Welcome to Part 3 of our ongoing series, 2021 E/M Changes: The Impact Beyond Coding & Documentation. In this series, we aim to cover the impact the 2021 E/M guidelines changes are having across organizations. In this, the third part of the series, we’re turning our focus to how Key Performance Indicators (KPIs) should be reevaluated based on the strange year we’ve all experienced. Let’s dive right in…
Key Performance Indicators / Benchmarks
It is unclear in the industry right now how the 2021 E/M guideline changes are going to affect benchmarks or key performance indicators (KPIs). What is clear, however, is that many organizations use national data published by other organizations to establish benchmarks. The inherent problem with this is that there is always a reporting lag, and therefore benchmarking surveys do not always reflect what is happening at the present moment. For instance, surveys being published now will typically reflect data from the previous year, or even two years past. And as we all know, the previous year was far from normal. So, is it fair to evaluate how well your organization is implementing new E/M guidelines based on data from a year with a public health emergency? And where does that leave us when evaluating our performance in 2021?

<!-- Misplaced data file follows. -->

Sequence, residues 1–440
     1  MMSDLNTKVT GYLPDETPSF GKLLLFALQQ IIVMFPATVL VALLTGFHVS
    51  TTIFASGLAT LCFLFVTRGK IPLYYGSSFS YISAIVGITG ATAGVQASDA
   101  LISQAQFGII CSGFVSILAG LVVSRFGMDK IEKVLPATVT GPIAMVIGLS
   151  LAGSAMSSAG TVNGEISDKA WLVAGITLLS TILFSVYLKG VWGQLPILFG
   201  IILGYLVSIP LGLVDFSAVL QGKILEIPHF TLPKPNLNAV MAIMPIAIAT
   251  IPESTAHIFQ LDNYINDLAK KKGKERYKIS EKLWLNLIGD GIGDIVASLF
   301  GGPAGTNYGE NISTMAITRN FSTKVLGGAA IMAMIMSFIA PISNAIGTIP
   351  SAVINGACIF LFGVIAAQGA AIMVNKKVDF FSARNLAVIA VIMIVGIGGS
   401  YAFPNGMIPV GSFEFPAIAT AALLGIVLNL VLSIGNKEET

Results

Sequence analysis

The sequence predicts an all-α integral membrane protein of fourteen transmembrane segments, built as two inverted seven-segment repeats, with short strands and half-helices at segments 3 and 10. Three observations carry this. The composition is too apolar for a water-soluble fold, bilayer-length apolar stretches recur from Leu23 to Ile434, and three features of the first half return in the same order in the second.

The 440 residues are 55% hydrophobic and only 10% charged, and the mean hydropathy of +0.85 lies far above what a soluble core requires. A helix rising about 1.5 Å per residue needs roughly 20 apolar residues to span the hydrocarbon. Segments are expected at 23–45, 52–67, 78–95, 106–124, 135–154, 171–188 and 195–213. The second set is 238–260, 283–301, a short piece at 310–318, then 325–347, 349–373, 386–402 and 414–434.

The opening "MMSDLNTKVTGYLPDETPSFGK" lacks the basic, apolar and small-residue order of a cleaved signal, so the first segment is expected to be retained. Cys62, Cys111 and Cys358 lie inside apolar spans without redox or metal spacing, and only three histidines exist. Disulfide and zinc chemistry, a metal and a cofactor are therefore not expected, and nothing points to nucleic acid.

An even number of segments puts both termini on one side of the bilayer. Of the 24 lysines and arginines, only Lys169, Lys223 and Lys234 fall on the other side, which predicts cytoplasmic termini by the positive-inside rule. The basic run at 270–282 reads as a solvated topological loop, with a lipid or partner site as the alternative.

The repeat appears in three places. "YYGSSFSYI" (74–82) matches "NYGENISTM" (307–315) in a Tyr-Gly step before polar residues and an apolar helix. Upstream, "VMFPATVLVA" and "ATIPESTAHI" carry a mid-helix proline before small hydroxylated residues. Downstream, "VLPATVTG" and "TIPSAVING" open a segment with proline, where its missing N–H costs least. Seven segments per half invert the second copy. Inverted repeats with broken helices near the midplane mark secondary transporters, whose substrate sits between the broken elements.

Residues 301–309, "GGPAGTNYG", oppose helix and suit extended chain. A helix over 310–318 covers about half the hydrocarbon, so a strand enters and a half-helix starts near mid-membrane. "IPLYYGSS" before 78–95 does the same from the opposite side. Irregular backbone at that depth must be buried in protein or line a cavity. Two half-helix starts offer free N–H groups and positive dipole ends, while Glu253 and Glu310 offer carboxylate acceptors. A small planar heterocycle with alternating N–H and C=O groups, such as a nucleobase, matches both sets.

HFMA is recommending an alternative method of benchmarking. Rather than using outdated benchmarking data that is not relevant to the current situation, an alternative method is to look back at your own historical data, gauge where you have been, and analyze where you want to be for optimal performance.
If your organization is going to use benchmarking data, then geography must be acknowledged as a contributing factor. Different parts of the country were affected differently by COVID. When looking at national benchmarking data, there will not be a one-size-fits-all solution.
Benchmarks and KPIs are going to be affected by this huge shift that we all experienced over the last year-plus. We saw the landscape of healthcare shift significantly with the expansion of telehealth services, but also the transition of thousands of jobs to remote-working environments. Therefore, it is important that you analyze your KPIs more frequently.
I believe one of the keys to success is to get key performance indicators into the hands of front-line folks in your organization. Traditionally, we see benchmarking data and key performance indicators in the hands of gatekeepers. Getting data into the hands of providers, front and back-end managers, even front-line staff creates a direct tie from the work they are performing to the financial results of the organization. It creates a higher level of investment on behalf of the boots on the ground employees, and often, those are the folks that really translate the data into something meaningful.
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